Veteran Lacombe named parade grand marshal

Veteran Lacombe named parade grand marshal

U.S. Army veteran Ernest Lacombe, Lincoln’s former emergency management director, has been named grand marshal of the 2019 Lincoln Memorial Day Parade.

LINCOLN – Ernest Lacombe pulls a stack of black and white photographs from an envelope, pausing to point out a young soldier bundled up in winter clothes. “That’s the DMZ behind me,” he says, referencing the Korean Demilitarized Zone, a strip of land separating North Korea from South Korea along the former front line of the Korean War.

In honor of his service, Lacombe has been named grand marshal of this year’s Lincoln Memorial Day Parade.

Lacombe was born in Lincoln, “not in a hospital … in Albion,” he says, adding that the village was “the best place to grow up.”

He was drafted into the U.S. Army in 1961, just shy of his 22nd birthday.

He was one of many local residents called to duty at the time, including his older brother Paul, who returned from Korea just before Lacombe was sent there himself.

He completed basic training at Fort Dix in New Jersey. From there he was sent to Fort Carson in the mountains of Colorado, where he trained in heavy weapons before traveling to Fort Benning for jump school.

At the completion of his training he asked to be sent overseas, hoping he’d land in Europe. Instead, he was put on a plane to Korea, arriving in May of 1962 with the 1st Battle Group, 8th Cavalry in the 1st Cavalry Division.

As they trucked through the mountainous terrain and through villages, Lacombe quickly realized he was not in Albion anymore.

“I enjoyed Korea, for whatever it was worth,” he said, but at times he admits, “It was rough … it was a culture shock.”

His unit was next to the “Truce Village” of Panmunjom, operating between Libby Bridge and Freedom Bridge, the latter of which was used to exchange prisoners of war. It was the only point of passage into the DMZ until 1998. “There were no civilians allowed. Once across the bridge, everything in front of you was minefield,” he said.

When a superior asked if any of the new arrivals could drive a standard jeep, Lacombe raised his hand. “Step over here, you’ll be a staff driver,” he was told. He would be responsible for transporting the colonel.

The summers were hot, and the winters were brutally cold. To endure the frigid nights, someone once suggested he sleep in the back of the jeep, but Lacombe said that was “like sleeping in a refrigerator,” and that he instead spent the night underneath the trailer.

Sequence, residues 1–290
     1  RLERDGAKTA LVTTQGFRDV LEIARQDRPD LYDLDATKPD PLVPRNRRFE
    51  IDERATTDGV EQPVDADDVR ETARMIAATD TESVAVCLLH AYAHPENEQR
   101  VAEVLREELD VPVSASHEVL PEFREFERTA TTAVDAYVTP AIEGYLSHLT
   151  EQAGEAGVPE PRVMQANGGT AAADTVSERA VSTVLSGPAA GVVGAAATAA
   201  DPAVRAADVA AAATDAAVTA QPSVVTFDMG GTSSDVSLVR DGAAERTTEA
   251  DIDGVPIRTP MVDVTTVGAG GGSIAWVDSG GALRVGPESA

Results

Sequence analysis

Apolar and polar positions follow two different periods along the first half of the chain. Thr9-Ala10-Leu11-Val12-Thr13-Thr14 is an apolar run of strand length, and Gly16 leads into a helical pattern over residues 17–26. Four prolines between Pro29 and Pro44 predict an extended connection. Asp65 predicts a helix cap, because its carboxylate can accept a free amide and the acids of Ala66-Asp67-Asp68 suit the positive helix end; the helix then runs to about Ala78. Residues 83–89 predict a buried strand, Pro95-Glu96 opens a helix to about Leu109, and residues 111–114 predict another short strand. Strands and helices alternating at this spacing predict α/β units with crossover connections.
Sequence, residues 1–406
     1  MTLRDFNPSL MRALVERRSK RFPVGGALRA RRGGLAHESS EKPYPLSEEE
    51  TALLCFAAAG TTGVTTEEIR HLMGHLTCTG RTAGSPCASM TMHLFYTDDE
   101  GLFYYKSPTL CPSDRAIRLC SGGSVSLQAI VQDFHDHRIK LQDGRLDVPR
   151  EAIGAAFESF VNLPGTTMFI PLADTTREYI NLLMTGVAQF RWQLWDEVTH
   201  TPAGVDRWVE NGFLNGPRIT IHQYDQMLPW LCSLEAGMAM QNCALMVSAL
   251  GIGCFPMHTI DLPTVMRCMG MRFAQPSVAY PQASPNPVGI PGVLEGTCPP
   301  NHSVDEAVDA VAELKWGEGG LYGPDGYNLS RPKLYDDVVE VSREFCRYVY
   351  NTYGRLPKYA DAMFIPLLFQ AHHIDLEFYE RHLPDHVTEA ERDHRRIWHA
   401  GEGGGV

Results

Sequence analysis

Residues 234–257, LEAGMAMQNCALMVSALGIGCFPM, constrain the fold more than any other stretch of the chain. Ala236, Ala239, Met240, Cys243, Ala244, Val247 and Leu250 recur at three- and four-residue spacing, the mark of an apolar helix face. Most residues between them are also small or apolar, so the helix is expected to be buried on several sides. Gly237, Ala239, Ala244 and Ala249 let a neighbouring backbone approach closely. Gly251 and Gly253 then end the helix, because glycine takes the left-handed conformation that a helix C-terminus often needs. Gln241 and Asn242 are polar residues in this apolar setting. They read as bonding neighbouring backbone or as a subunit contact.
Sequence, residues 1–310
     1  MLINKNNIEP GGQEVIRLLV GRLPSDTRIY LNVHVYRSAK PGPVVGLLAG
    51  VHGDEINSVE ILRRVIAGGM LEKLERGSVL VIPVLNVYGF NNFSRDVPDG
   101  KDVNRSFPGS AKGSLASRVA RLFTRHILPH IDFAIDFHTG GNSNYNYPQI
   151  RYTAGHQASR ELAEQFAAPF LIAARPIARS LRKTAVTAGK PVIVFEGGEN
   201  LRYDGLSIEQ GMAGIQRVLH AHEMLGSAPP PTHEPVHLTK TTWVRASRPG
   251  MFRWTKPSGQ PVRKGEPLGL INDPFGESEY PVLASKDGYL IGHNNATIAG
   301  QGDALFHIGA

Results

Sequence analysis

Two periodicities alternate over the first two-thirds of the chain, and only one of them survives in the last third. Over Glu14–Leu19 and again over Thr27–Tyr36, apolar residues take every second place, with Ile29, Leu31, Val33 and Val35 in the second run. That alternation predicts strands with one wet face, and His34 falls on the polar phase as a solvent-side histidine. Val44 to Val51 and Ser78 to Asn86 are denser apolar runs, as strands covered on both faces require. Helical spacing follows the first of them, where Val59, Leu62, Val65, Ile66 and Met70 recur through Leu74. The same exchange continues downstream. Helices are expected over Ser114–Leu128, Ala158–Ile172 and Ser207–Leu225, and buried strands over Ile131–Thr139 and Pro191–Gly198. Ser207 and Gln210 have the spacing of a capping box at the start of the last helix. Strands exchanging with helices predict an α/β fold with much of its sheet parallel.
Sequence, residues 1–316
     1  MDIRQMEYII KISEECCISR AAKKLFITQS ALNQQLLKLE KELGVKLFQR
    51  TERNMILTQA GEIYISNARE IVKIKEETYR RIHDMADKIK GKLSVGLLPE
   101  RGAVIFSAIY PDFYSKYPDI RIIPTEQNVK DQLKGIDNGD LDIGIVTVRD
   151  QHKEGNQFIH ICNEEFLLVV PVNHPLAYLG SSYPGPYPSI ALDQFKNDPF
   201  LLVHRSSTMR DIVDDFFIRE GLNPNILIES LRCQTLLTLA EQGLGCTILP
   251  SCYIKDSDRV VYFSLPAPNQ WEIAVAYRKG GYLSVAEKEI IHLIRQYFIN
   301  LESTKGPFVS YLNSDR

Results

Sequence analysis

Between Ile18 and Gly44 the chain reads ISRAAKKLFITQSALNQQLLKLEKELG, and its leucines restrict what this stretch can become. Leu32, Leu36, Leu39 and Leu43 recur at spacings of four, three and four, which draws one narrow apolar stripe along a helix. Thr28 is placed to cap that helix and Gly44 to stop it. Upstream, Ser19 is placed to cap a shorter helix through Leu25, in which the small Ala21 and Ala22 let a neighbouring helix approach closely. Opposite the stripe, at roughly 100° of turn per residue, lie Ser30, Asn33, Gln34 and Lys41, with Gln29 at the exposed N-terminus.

His job required him to be on call 24/7. “If the colonel called, I had to be ready to go,” he said.

He was up early every day, bringing the jeep down to the river to be washed, saying, “Even in the dead of winter, they wanted ’em clean.”

After that it was off to the crypto shack, where he would receive his call signs and radio frequencies for the day. Then, he would report to headquarters. “From there, anything could happen.”

He quickly developed a reputation. “There was one thing I was known for: if you want to get somewhere, call Lacombe,” he said.

Once, he got a call to a club to pick up a young officer down in the villages before their midnight curfew. “I looked back and the MPs were coming,” he said, but the guards who knew him waved him through, while the MPs had to stop at the bridge.

He left Korea on June 4, 1963 and finished his career at Fort Devens, where he spent less than a month.

Ten years after leaving Korea, Lacombe missed the military life enough to go back to it, signing up for the “Try One (Year)” program.

“I wanted to get back into the camaraderie of being with soldiers,” he said.

He went into field artillery at the 103rd and the 26th Air Cavalry at Quonset and later served on the 76th division reserve unit, training National Guard and other reserve units until the 1980s. When he finally retired, he reached the rank of master sergeant.

From age 16 until he left for the service, Lacombe had worked for Hasbro. It was there that he met his wife Simonne, whom he married in 1963. Together they had four children, Eileen, Neal, and the late Alan and Paula.

Lacombe joined the Saylesville Fire Department as a call man in 1976. In 1987, he was named Lincoln’s Emergency Management Director.

Asked about his decision to become a first responder after the military, he said, “I love to serve.”

Lacombe said he feels truly honored to be this year’s Grand Marshal. Lacombe has unearthed a pair of shiny military dress shoes, like new, to wear with his uniform during the Memorial Day Parade. In the meantime, he’s practicing his wave.

Catch Lacombe in the parade on Monday, May 27, with a start time of 11 a.m., ending with a post-parade celebration featuring food trucks and live music at Chase Farm.

Ernest Lacombe, pictured during his time serving in Korea with the U.S. Army.